My guest today is environmentalist and writer Bill McKibben. Welcome to OpEdNews, Bill. I had the opportunity to hear you speak several times at the recent Network of Spiritual Progressives conference. Can you give our readers an idea of how we're doing right now, environmentally speaking?
Right now, not so well.
Okay, I get that it's been getting warmer. Before we turn to what we can and should be doing about that, could you explain a little more fully what these signs of warming mean for us as a planet? There are still plenty of intelligent people in America who pooh-pooh the idea of this being anything more than part of a natural historical cycle. What would you say to them?
We're off the charts in terms of both carbon dioxide and temperature in the human experience--and probably long before. And you can tell by watching subtle little signs like the Arctic melting.
Well, the first thing to say is, we're no longer in the holocene,
which is what scientists call the last 10,000 years, a time of great
climatic stability that allowed the rise of human civilization. By
pumping carbon into the atmosphere, we've raised the temperature
beyond the levels we've known as humans--and it's getting steadily
hotter with absolutely no end in sight unless we quickly get off
What this means is that pretty much everything we're used to doing
will become steadily harder. For instance, towns design their water
and sewer systems to deal with a '100-year-flood.' But if that flood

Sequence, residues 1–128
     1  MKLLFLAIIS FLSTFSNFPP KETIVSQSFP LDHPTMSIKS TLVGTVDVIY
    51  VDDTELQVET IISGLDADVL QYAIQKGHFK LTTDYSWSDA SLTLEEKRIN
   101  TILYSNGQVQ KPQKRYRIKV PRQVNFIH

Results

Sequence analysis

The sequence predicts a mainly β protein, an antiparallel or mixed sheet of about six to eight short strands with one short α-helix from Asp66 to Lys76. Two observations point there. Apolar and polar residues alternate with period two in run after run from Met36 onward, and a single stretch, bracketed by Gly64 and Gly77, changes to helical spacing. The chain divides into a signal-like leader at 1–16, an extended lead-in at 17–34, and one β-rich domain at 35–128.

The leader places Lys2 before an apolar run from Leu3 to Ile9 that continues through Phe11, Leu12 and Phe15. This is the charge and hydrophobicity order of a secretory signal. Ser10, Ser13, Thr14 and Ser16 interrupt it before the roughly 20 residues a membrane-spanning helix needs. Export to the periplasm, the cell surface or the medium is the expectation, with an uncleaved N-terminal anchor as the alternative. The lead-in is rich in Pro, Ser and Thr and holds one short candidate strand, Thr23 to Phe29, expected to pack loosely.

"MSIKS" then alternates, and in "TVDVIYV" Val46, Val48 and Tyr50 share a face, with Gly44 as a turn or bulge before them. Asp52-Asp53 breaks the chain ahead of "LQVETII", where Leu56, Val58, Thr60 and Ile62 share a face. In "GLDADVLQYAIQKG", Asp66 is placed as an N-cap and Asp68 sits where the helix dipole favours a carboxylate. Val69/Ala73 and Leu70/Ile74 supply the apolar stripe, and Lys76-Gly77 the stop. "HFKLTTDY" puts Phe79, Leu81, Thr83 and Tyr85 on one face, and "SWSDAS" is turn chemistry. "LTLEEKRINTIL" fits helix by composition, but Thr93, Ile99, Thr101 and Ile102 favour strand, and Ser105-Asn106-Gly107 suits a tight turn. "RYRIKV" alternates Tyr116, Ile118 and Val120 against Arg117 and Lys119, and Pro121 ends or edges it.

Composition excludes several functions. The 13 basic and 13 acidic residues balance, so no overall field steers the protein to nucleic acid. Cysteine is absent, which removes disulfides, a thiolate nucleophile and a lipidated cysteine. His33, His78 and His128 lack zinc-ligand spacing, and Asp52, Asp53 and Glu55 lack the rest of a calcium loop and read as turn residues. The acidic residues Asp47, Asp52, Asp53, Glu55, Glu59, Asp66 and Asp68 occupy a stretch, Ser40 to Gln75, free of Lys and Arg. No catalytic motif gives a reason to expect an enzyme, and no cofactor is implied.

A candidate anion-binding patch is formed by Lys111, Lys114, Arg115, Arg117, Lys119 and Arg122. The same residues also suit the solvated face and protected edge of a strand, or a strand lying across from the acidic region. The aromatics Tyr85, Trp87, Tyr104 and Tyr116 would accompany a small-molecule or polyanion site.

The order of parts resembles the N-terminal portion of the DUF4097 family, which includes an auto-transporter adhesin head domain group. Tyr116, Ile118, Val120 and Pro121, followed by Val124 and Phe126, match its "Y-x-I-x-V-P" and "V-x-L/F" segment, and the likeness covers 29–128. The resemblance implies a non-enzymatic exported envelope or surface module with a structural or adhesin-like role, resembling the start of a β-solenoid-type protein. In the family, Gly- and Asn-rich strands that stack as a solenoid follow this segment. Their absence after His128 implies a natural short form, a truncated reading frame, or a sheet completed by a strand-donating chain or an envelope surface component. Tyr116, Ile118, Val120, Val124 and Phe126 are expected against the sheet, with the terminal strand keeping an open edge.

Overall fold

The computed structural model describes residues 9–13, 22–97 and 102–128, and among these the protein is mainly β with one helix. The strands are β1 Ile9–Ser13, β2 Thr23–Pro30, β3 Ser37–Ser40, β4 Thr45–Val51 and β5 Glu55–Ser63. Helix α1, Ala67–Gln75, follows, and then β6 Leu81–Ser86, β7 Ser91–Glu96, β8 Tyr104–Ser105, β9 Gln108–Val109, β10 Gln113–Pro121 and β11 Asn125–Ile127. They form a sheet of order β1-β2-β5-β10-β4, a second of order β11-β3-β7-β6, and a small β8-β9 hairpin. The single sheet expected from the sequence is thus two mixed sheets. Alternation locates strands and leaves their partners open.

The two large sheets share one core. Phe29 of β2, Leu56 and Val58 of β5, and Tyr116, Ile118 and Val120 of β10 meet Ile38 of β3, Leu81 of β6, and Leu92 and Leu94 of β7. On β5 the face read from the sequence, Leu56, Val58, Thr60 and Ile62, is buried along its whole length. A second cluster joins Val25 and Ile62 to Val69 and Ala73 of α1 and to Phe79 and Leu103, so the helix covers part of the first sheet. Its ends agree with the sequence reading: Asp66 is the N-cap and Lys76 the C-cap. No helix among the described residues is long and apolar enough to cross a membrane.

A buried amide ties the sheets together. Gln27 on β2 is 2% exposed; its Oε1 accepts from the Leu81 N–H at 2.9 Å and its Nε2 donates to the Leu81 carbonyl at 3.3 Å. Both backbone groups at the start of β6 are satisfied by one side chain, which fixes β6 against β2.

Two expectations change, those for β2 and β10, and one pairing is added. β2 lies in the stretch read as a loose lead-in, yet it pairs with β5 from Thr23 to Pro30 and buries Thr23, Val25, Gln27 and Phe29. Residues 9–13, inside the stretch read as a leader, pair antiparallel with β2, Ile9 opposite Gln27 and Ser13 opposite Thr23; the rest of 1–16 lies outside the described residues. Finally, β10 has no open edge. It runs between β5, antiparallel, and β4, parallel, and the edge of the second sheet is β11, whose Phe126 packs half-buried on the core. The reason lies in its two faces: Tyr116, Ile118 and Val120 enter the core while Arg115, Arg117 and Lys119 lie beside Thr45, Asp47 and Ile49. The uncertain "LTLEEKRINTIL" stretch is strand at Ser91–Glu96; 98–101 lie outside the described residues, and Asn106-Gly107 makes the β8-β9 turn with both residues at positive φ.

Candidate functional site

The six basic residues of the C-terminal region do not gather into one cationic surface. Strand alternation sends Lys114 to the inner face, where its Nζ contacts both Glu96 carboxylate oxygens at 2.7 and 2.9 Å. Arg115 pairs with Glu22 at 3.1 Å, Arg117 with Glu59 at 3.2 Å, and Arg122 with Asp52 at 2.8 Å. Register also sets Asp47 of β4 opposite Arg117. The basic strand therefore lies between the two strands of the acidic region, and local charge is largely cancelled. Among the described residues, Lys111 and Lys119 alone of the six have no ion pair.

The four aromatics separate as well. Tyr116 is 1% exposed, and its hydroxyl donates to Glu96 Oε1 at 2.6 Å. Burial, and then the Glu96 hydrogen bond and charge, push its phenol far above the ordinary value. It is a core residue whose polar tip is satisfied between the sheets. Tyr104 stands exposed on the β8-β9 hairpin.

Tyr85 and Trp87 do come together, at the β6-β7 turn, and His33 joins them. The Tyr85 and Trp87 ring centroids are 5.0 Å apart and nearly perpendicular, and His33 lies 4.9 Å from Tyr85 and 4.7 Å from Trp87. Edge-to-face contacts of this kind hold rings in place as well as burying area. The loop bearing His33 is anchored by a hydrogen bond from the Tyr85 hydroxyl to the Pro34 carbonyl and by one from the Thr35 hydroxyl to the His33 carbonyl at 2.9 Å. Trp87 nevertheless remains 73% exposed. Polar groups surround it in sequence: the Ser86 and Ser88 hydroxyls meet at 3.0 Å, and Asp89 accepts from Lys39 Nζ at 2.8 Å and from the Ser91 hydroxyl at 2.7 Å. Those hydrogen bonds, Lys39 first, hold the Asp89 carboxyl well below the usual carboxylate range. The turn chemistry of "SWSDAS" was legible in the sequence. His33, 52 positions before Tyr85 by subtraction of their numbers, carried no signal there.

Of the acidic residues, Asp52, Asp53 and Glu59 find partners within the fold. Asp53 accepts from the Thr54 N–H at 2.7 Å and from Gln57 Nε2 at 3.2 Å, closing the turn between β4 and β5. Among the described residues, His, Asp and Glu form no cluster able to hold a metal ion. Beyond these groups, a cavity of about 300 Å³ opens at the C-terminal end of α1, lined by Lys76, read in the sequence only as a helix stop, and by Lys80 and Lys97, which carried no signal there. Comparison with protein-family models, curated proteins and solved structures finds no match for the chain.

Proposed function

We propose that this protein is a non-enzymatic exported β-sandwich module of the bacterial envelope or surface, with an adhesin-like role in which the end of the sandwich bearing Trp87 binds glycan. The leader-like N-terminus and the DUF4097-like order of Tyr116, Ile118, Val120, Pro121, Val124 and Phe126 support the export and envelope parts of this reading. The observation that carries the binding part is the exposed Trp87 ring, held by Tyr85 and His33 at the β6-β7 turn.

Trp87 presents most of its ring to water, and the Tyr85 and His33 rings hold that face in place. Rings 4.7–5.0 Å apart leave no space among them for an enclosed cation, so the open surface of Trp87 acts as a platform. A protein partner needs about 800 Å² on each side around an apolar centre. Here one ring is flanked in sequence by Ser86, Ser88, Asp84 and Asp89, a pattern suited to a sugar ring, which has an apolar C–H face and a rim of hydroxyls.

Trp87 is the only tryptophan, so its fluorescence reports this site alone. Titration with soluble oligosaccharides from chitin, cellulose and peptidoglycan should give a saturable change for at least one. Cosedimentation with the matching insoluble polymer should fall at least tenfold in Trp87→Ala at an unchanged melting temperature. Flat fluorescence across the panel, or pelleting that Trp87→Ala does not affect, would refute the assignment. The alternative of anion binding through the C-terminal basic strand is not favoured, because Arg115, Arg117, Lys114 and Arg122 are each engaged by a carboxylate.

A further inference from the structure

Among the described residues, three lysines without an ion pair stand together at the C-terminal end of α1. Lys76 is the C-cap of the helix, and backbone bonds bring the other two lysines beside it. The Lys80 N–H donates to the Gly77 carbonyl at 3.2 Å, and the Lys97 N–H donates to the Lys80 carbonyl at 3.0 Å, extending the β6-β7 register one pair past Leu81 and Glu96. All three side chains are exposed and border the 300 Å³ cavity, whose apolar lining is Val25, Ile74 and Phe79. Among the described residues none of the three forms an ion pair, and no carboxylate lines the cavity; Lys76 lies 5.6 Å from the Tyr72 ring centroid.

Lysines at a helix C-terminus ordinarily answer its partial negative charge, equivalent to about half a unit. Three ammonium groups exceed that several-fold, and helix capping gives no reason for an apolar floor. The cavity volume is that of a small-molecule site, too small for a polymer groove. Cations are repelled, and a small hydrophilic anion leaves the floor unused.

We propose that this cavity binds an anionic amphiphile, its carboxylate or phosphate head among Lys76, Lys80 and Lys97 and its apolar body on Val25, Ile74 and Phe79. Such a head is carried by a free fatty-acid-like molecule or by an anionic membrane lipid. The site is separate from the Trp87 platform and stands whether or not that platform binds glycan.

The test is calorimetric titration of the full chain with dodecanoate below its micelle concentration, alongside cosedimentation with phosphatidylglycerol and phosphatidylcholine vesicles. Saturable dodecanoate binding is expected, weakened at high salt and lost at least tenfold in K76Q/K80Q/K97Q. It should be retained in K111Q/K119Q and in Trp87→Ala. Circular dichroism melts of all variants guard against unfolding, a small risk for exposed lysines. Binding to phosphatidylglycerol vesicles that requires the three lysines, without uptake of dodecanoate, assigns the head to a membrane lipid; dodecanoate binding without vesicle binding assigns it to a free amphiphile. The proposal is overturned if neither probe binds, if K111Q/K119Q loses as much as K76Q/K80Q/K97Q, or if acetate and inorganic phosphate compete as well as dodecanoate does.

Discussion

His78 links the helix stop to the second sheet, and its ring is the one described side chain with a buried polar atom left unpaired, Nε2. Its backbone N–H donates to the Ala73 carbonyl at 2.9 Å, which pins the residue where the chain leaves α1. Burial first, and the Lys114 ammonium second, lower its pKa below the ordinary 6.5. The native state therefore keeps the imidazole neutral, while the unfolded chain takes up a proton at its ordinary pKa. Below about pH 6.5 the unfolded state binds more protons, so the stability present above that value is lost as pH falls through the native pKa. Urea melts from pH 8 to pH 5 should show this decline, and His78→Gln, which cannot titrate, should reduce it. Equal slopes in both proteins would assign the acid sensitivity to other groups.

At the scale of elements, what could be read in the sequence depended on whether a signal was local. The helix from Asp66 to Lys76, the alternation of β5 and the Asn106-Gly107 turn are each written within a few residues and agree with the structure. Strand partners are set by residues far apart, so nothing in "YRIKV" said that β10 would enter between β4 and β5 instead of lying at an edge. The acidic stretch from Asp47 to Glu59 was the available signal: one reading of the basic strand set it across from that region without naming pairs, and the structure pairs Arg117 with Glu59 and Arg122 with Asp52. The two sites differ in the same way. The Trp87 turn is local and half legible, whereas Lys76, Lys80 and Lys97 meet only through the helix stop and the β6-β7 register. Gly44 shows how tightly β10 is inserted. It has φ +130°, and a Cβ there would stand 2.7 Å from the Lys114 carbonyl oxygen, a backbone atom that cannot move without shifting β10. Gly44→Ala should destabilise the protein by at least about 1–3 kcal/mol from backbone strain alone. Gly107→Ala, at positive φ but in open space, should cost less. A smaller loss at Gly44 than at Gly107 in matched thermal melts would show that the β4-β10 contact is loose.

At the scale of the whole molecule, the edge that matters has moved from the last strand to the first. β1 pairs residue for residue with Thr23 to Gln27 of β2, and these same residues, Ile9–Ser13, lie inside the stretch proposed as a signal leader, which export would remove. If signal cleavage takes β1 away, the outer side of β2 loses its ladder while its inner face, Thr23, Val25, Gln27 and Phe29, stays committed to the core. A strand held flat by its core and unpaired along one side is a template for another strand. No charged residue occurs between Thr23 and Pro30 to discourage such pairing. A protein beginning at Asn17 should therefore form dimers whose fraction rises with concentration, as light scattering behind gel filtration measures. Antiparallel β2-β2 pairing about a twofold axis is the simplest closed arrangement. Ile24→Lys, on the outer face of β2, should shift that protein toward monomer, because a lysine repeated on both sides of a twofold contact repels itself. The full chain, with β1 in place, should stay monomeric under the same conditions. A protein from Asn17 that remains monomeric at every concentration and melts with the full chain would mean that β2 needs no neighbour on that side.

comes every five or ten years, it raises the cost enormously.
Farmers are used to planting certain crops--but wheat and corn and
rice are as adapted to the climate of the Holocene as people, and
probably more so. That means, according to new data from Stanford,
that we could see yields fall by 40% in the decades ahead. Our cities
are mostly built on the seacoast--which is bad news since oceans are
The list goes on for a very long time.
So, if what you're saying is that our infrastructure and way of life no longer fit the conditions at hand, that's a pretty drastic assessment, not easily remedied. It's tempting to say the problems are too big and too hard and just give up. But you and others haven't. Tell us about the 350 project and the significance of that number, please.
350 is the most important number in the world, though no one knew it
even mattered until about two years ago. In January of 2008, our
foremost climatologist, Jim Hansen, and his team at NASA published a
paper setting the boundary condition for the planet: any amount of
carbon in the atmosphere greater than 350 parts per million was not
compatible with a planet "similar to the one on which civilization
developed and to which life on earth is adapted."
like the guy who goes to the doctor and learns that his cholesterol is
already much too high.
We took it as our rallying cry for organizing the planet. Not an
obvious choice, since 350 is a won scientific data point, but it has
made global movement-building easier because Arabic numerals cross
language boundaries. And indeed, in October of 2009, we managed to
stage what CNN called 'the most widespread day of action in the
planet's history,' with 5200 simultaneous demonstrations in 181
countries. [See some of the photographs taken across the world]
That was enough to persuade 117 of those nations to sign on
to a 350 target--but they were the wrong 117 nations, the poorest and
most vulnerable ones. So our work continues--on 10/10/10 (October 10) we're organizing a Global Work Party on the same kind of massive
scale. All over the world, people will be digging community gardens,
putting up solar panels, laying out bike paths, and on and on. Not
because we think we can solve climate change one solar panel at a
time--we can't; it requires national and international legislation.
But we want to send a pointed political message to our leaders: We're
getting to work, what about you? If I can climb up on the roof of the
school and hammer in a solar panel, I expect you to climb to the floor
of the Senate and hammer out some legislation. Now.